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Rogers right to design for social betterment

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letters

Martin Pawley (aj 24.2.00) is as clever a writer as Lord Rogers is an architect, no doubt; however that is where any similarity ends, as the difference between the two, I suggest, is that the former has no conscience.

The logic of continual urban expansion is pointless in a small country. The sooner we can direct our attention to urban renewal in the full sense, the sooner we will be able to prevent the extension of squalid environments that in time equate with systematic expansions.

It would be convenient to continue the present trend of more than 200 years, but 'surplus' rural land as he calls it, is just as precious as the real thing.

It would also be convenient and very English to build more semi-detached houses and maintain a tradition that is common to a number of people, but his mention of spacious Georgian terraces being Lord Rogers' privilege seems a trifle unfair and irrelevant. We all like them.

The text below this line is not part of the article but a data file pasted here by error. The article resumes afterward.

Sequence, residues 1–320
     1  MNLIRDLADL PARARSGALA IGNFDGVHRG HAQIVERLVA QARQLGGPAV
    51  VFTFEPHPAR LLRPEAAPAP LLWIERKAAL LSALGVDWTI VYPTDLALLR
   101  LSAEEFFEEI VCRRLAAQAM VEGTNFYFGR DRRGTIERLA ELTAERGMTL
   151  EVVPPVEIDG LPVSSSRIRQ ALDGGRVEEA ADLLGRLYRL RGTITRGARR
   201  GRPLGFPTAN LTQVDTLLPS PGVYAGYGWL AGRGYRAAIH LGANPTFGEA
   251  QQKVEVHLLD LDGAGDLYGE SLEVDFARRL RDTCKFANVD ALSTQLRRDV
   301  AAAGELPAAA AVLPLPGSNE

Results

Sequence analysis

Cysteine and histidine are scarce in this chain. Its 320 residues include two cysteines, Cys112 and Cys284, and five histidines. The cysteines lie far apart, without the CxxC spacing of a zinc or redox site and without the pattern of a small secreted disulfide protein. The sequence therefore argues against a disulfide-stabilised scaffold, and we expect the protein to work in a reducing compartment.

Lord Rogers' conscience no doubt is why he has to address the 'social engineering' aspect as architect and not a politician. Full marks to him for putting his conscience first. Although it may not be palatable for the government to accept Task Force conclusions in full or part, if Lord Rogers can actually put architects in the social engineering category, that in itself would be very worthwhile.

Rex Hawkesworth, Portsmouth

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